- Cut your tube(s) into two 3 in. pieces and one 6 inch piece.
- run one end of your cord through the tubes (Short / Long / Short)
- Tie a knot after tightening, this will form the stirrup- you may need longer pieces for larger feet. You can also use a single piece about 6 inches wide if you have two longer strings coming up.
- Measure cord to your expected height ( Water barrel + (washing station X 2)) as the stirrup should rest about 3-5 inches above the ground, go up through the pulleys, and down to the flush chain. Add about a foot to give you room to work.
- Cut cord
- Drill a hole in the lid with your 3/4 in. paddle drill about 4 inches from the edge (directly above the flapper)
- Cut a notch 1 inch wide and 2.5 inches deep pointing at this hole, this will provide room for the pulleys.
- Thread the free end of your flusher cord over the pulleys and through the hole in the lid
- Add a number of weights (washers OR copper sleeves) to the flapper chain. The weight should rest directly on the flapper. looping the wire through again may also help prevent weights from sliding off.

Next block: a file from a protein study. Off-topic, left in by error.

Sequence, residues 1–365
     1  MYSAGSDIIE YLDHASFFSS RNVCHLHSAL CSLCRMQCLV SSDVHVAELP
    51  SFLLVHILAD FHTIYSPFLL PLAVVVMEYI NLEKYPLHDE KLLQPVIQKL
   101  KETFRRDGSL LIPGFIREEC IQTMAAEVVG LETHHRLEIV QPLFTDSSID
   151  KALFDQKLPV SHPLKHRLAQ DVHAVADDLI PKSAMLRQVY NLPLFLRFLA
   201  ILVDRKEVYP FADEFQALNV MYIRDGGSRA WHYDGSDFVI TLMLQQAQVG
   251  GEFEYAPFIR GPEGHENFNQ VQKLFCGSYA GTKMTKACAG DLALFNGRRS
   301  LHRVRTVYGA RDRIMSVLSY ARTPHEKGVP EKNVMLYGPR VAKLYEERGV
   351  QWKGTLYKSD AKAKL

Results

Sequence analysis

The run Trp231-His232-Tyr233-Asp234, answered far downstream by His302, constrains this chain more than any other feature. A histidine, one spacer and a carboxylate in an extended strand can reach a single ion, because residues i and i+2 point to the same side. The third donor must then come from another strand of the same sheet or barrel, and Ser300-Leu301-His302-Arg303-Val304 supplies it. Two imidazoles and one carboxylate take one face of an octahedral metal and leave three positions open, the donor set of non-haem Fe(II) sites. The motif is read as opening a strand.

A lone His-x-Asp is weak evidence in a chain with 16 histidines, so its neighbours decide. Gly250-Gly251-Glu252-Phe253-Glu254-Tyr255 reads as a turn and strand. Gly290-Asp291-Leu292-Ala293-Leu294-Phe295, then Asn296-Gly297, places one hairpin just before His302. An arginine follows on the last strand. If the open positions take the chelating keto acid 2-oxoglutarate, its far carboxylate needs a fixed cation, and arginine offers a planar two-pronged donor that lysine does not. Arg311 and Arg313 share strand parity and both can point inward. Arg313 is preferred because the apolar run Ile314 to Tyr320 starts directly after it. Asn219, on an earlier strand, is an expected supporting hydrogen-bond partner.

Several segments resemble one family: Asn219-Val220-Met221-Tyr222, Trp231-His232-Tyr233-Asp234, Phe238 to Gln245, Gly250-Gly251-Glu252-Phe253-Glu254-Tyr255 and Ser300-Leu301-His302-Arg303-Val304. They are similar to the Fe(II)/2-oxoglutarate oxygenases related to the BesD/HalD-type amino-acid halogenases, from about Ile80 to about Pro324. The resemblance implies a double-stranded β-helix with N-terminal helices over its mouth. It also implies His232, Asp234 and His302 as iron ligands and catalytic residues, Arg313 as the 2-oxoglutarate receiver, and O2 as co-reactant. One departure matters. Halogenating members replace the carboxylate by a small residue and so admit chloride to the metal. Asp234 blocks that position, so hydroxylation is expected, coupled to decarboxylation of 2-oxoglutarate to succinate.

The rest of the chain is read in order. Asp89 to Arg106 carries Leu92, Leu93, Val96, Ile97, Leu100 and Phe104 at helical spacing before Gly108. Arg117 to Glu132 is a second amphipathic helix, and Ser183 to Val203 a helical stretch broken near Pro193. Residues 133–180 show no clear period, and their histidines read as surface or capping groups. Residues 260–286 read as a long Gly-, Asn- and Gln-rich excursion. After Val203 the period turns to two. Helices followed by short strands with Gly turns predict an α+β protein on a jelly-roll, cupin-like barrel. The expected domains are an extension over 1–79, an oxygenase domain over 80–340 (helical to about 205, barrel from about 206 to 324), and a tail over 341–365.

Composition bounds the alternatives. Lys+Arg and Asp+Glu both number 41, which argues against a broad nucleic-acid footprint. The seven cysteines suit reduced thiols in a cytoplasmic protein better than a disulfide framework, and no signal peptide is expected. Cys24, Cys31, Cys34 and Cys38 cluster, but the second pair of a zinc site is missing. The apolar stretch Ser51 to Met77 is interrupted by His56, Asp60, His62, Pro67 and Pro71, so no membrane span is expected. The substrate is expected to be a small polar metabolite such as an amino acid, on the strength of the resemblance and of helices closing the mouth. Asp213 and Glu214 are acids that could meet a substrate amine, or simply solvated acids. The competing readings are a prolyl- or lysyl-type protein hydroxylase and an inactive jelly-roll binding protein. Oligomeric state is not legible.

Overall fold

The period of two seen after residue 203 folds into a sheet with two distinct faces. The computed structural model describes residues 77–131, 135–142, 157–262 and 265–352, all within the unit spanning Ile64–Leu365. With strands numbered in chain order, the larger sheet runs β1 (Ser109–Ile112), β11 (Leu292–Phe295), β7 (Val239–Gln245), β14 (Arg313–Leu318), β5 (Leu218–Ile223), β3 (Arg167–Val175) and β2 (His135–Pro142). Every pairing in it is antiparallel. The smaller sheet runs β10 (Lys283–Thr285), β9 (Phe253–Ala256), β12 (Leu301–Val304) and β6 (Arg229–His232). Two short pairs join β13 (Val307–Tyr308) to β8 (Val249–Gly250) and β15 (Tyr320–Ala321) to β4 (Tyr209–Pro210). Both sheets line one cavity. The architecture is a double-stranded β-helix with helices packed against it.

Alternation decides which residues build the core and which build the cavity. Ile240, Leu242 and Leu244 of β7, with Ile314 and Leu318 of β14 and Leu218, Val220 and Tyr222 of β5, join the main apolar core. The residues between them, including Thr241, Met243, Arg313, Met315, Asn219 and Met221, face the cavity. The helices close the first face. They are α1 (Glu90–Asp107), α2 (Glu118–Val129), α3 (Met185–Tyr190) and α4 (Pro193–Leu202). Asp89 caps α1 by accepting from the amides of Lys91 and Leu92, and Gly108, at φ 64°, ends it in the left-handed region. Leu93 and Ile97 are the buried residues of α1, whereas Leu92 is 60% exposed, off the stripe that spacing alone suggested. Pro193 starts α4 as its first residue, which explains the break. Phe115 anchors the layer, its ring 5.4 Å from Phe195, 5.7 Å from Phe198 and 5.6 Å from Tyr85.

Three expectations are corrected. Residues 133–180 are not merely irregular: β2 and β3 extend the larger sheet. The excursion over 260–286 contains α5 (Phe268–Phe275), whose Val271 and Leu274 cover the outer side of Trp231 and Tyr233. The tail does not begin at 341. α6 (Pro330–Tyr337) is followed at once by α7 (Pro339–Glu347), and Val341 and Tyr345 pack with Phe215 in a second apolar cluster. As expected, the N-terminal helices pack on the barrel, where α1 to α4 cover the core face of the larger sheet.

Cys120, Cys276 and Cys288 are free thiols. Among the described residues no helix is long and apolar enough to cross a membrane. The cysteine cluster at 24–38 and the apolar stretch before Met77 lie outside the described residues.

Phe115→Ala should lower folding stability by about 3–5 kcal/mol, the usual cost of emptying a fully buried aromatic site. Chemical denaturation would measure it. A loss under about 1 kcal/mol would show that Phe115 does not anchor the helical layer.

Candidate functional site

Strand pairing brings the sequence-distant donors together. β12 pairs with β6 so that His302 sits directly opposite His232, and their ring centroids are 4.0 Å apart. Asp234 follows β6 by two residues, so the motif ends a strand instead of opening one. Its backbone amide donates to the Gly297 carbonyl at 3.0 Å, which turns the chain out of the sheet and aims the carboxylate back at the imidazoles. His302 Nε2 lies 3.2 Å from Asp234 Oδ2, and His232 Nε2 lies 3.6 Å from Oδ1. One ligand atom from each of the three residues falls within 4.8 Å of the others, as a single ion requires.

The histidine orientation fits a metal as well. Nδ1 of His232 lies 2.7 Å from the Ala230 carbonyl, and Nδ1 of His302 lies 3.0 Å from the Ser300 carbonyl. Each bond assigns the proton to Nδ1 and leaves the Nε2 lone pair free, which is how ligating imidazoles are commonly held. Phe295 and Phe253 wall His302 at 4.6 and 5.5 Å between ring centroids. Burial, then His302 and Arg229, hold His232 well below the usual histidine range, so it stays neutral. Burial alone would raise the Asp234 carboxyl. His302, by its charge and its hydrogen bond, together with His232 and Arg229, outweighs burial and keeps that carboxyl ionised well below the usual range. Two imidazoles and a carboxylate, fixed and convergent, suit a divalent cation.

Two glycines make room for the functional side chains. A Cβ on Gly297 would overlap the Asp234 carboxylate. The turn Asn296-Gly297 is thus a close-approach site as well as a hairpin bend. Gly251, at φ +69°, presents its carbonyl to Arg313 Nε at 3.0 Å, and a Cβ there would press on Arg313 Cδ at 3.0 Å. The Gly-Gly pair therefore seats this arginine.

- Tie the cord to the flapper chain hook with a fisherman's knot
Here's Video of the finished mechanism (without lid) in action:
Step 6: Done!
The completed handwashing station must be manually refilled, or you can sit it on a rain or water barrel and add a manual transfer pump (ULINE has them for $15). You may need to experiment with the amount of weight required to prevent full flushing, as we count on those weights to force the flapper back down to reseal when the foot stirrup is released.
(Note the stirrup here is the heavier PVC that was replaced by blue PEX)
Also, our labcat Kelda, because the Internet demands such things.
Step 7: Alternate: Autofill